- If you knew, if you truly knew and believed in the core of your being, that you too are going to die one day, how does it make you feel? What can you learn from this feeling, this knowing?
- If you knew you had only six months to live, what would you most want to do, who would you most want to see, and why?
- If you knew you had only six months to live, what would you stop doing? What would you start doing? And why?
- How do you want people to talk about you when you have died? What would you like them to say? How would you like to be remembered? Would they talk about you in that way if you died today?
- What does it mean for you to “die well”?
- And from all the above reflections, what does it mean for you to “live well”?
These are big questions. They are questions to come back to, time and time again. You might not find answers, or you might find that your answers change. All of that is fine.
In closing, I would like to acknowledge that most of us do not see death and dying close up. It is a pity, because it has resulted in our societal denial of our mortality. But Death and Dying – and the Grief that comes with it – are as natural as being born. We are all going to do it, and being around people who are dying, whether in rich old age or far too prematurely, can be enlightening and life-enriching.
La Maison de Tara is the end-of-life hospice in Geneva where my brother and my husband were lucky enough to spend their last days and weeks. It is simply a house with space for four residents who want to live fully until their final breath. La Maison de Tara has a small core of paid professionals, but most of the day-to-day accompanying of residents and their families is done by volunteers – people like Jackie, who you know, people like me, and potentially people like you. People with day jobs and family responsibilities, and people who are retired, who carve out time to serve and tend to the needs of people nearing the end of their life. And, in the process, learn much about what it means to live fully and meaningfully.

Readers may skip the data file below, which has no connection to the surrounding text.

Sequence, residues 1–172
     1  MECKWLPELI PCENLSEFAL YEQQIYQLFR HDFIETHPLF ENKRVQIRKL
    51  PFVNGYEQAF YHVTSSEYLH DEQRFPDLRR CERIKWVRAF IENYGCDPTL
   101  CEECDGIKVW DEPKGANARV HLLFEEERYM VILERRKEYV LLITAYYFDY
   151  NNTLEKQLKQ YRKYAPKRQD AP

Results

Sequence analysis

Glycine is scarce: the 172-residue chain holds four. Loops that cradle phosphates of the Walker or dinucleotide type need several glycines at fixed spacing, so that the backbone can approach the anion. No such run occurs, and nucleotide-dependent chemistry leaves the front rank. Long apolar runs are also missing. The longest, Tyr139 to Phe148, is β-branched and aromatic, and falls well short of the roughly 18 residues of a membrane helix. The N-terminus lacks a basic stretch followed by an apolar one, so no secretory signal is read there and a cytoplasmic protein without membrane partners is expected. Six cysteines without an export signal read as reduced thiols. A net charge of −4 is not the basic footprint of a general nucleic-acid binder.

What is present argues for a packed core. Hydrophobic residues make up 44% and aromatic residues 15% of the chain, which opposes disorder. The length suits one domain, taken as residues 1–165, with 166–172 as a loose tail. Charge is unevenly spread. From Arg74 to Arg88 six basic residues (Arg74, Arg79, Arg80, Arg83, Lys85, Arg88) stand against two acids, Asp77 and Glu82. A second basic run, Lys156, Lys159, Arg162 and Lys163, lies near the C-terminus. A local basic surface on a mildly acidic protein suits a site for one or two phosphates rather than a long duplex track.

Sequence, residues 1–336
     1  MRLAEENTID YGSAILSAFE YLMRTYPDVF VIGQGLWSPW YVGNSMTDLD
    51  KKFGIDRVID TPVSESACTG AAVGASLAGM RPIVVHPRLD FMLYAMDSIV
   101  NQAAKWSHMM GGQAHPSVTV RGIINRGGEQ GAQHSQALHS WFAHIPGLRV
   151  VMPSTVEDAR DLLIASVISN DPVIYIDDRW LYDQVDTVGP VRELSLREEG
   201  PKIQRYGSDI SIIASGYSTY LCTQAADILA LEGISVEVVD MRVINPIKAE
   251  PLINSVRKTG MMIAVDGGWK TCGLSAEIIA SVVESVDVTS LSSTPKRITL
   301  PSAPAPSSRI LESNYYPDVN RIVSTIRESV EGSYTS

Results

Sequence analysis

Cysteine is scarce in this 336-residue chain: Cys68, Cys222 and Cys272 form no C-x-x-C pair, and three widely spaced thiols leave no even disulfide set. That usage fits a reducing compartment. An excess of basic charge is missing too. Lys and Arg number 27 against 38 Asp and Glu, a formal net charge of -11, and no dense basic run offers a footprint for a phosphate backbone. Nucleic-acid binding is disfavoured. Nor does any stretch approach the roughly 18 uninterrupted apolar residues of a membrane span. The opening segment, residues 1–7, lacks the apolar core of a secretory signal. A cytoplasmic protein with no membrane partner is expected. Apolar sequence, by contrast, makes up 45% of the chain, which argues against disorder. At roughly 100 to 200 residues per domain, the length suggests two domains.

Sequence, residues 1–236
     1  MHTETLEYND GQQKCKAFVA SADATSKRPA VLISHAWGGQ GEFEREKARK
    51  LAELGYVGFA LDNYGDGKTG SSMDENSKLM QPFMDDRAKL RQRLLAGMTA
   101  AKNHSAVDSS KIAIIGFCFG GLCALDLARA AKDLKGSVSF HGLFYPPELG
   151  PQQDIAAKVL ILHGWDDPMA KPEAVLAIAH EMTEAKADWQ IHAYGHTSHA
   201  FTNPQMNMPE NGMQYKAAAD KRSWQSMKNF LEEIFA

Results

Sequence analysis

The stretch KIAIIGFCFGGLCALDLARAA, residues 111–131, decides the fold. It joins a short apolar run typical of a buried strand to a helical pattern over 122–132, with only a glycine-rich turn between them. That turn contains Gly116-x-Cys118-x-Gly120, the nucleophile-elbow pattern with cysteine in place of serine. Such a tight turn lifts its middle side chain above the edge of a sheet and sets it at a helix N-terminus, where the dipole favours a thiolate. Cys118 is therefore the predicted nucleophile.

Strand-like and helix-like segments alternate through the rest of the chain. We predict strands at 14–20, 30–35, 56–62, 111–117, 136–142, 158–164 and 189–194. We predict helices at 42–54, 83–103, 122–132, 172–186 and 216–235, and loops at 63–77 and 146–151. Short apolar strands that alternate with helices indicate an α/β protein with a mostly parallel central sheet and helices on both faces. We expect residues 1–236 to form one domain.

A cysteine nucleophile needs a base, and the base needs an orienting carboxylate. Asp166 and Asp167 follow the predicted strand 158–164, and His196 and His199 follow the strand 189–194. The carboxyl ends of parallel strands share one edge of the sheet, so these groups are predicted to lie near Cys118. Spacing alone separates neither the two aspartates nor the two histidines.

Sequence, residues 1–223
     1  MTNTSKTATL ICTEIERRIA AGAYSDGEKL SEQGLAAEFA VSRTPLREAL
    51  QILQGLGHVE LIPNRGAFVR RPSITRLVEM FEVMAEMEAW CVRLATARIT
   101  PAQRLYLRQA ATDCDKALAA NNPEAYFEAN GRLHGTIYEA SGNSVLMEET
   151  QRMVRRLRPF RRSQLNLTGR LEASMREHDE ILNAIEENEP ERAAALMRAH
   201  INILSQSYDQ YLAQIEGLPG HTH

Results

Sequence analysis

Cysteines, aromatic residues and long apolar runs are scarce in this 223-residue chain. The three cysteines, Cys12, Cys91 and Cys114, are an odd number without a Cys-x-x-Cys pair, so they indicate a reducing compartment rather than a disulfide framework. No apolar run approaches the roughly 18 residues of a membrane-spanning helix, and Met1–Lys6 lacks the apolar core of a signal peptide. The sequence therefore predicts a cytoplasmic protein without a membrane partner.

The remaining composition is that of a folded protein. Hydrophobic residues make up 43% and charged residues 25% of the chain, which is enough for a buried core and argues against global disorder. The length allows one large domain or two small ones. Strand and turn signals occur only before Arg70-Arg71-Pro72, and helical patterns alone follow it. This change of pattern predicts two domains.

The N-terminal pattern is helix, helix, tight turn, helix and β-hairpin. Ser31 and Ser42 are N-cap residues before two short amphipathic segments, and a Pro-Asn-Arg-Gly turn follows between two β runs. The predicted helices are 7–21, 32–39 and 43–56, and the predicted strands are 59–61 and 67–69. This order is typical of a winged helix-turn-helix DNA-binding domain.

We offer a rich year-long programme for new volunteers – in both English and French – and have some remaining spaces for the new academic year. If you would like to know more about the house and how you might serve its residents through offering at least five hours of your time every two weeks, please come and talk to me later.
Thank you for listening to me today.